Photographer Julia Fullerton-Batten’s next subject is Ugandan domestic abuse victim, John Ssebunya. He ran away from his murderous father and spent three years in the jungle amongst monkeys. He was found in 1991, displaying classic simian behaviors upon meeting people. Thankfully managed to recover his human nature, with the help of rehabilitation efforts.

11. Madina From Russia

Madina, Russia, 2013 (Credit: Credit: Julia Fullerton-Batten)
Image credits: cazin.net

Madina had a tough life from the moment she was born. Abandoned by her father and stuck with her alcoholic mother, she was left to look for comfort amongst dogs in the household. She was 3 years old when social workers finally found her and took her to safety.  Miraculously, Madina was found to be mentally and physically stable and managed to recover from her horrific childhood. Julia Fullerton-Batten captured her story in the picture below.

12. Sujit Kumar From Fiji

Sujit Kumar, Fiji, 1978 (Credit: Credit: Julia Fullerton-Batten)
Image credits: mirror.co.uk

Julia Fullerton-Batten commemorates the story of Sujit, who was confined to a chicken coop for years during his young life. He was 8 years old when he wandered out from the barn, which allowed him to be rescued. When they discovered him, he was exhibiting bird-like behaviors, clucking and flapping like chickens. His parents died and his grandfather locked him in with the birds, where he had to fend for himself.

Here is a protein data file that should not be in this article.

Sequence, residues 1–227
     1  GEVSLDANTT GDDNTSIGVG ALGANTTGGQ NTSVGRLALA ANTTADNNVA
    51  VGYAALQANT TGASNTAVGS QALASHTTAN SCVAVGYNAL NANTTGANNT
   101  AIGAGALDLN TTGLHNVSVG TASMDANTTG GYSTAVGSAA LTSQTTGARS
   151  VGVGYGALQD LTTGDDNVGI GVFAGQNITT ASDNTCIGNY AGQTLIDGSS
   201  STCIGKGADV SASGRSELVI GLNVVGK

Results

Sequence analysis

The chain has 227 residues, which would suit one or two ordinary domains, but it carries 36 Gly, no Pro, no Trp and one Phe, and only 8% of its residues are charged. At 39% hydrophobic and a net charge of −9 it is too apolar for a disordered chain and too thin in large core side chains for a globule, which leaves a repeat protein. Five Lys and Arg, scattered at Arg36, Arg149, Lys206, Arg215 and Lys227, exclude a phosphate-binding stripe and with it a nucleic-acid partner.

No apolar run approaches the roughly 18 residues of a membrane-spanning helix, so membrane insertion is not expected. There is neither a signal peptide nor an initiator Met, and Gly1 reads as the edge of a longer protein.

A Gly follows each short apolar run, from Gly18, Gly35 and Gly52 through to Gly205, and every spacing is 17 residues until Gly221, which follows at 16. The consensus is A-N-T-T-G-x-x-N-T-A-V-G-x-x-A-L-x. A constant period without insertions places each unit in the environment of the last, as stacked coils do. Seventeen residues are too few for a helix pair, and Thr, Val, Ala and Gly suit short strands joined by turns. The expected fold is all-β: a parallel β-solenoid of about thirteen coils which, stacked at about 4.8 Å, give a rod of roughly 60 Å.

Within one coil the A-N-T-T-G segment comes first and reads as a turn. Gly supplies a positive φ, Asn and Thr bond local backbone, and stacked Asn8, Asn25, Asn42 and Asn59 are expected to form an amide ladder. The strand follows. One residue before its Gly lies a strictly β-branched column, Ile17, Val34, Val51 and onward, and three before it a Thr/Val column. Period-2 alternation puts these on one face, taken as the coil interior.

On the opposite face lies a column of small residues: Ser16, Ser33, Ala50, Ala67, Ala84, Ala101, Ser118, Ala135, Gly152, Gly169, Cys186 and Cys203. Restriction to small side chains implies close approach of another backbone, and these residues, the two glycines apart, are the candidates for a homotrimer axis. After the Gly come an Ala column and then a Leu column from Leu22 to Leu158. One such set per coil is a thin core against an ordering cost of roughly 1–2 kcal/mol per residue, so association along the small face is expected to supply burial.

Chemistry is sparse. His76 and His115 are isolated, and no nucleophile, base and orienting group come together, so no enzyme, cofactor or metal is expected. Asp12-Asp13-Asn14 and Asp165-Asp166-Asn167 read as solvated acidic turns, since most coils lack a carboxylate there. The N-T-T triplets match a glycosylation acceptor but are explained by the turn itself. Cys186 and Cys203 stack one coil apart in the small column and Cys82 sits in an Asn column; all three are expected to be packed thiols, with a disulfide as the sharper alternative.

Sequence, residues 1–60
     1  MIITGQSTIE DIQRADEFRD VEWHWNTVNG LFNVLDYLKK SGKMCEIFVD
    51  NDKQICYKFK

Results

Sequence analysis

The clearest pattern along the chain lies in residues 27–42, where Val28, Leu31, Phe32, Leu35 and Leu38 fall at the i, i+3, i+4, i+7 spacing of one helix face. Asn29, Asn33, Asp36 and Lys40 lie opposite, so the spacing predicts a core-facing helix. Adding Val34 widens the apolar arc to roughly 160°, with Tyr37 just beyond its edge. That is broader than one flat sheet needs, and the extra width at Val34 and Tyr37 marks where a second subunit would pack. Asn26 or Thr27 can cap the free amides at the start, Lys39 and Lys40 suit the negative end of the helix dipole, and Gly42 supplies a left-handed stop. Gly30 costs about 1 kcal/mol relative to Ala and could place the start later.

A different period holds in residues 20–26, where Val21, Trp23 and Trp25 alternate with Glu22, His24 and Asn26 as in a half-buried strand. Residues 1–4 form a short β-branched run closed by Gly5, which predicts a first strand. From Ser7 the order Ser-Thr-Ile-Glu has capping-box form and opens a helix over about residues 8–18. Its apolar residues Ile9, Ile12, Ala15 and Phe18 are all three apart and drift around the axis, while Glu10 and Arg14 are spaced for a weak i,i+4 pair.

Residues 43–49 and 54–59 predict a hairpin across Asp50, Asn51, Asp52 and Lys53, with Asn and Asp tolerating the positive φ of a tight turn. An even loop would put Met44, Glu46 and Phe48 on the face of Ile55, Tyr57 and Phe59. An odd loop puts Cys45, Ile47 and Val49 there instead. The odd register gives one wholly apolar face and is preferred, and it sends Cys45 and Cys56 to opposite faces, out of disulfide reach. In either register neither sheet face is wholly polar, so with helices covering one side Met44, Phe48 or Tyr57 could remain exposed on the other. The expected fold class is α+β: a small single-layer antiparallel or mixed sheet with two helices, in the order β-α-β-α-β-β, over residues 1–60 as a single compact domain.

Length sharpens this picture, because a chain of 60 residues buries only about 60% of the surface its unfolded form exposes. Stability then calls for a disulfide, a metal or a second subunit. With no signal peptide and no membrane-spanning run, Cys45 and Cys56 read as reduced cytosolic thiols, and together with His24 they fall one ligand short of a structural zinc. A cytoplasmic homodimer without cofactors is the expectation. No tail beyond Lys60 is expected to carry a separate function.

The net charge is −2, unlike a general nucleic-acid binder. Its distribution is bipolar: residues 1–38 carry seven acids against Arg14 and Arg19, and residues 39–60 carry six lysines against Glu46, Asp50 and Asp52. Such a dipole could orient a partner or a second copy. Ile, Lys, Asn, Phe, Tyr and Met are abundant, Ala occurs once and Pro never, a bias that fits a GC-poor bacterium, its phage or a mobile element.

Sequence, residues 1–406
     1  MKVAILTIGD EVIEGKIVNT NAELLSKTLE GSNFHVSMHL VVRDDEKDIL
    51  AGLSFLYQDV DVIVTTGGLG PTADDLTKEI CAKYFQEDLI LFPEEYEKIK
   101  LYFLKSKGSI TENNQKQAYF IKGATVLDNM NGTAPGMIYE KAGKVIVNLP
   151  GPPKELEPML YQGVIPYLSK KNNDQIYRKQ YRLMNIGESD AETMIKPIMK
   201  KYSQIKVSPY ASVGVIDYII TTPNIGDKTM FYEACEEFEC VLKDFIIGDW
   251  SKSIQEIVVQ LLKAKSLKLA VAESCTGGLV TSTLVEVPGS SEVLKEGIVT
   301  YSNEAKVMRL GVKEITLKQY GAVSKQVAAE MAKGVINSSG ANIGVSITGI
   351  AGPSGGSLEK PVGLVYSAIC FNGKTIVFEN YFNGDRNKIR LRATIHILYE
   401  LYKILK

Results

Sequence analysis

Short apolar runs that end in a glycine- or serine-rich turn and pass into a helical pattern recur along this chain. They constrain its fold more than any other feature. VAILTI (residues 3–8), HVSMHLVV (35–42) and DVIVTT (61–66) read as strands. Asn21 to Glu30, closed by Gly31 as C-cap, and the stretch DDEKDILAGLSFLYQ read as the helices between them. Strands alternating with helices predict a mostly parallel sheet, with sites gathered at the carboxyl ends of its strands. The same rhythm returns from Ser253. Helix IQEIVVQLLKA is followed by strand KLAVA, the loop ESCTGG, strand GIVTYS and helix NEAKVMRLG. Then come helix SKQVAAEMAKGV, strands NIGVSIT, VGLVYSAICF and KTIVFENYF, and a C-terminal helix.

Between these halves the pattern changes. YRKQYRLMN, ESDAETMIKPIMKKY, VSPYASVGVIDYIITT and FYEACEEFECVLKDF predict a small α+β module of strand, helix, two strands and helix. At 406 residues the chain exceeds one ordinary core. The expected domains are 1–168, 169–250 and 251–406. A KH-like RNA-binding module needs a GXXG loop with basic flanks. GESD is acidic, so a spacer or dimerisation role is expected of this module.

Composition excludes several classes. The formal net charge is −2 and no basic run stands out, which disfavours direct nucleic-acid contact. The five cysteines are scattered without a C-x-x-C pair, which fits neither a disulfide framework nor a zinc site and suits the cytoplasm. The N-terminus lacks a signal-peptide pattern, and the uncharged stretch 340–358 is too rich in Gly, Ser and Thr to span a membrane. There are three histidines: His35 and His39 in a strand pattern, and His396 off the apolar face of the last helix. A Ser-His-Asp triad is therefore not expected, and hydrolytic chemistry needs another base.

13. Ivan Mishukov From Russia

Ivan Mishukov, Russia, 1998 (Credit: Credit: Julia Fullerton-Batten)
Image credits: pinterest.com

Ivan left his family when he was only four years old. He was much like a stray dog on the street and became a pack leader. He was in a symbiotic relationship with wild dogs, helping them get food and in return they let him sleep amongst the pack. He lived this life for two years until a children’s home found him and took him. in. Julia Fullerton-Batten comments, that through her pictures, she is able to raise awareness of child abuse.

14. Bello, Chimp Boy From Nigeria

Image credits: dailyscene.com

Bello was born with a serious mental and physical disability. His parents were part of the Fulani tribe, where it was common practice to abandon disabled children to the wilderness. The child ended up being adopted by chimpanzees, he managed to live with the tribe for a year. He was eventually taken by rescuers but he never really adapted to human life. He died young, in 2005.

15. Dina Sanichar, Wolf Boy From India

Dina Sanichar
Image credits: oldindianphotos.in

Dina Sanichar’s story is one of the oldest recorded cases of feral children. He spent most of his life in an orphanage and he was plucked from a wolf’s den at the age of 6 by rescuers. He was taught to live as a human, but he never managed to learn how to speak – he was considered to be mentally handicapped. He bonded with other feral children in the orphanage, teaching them how to use tools.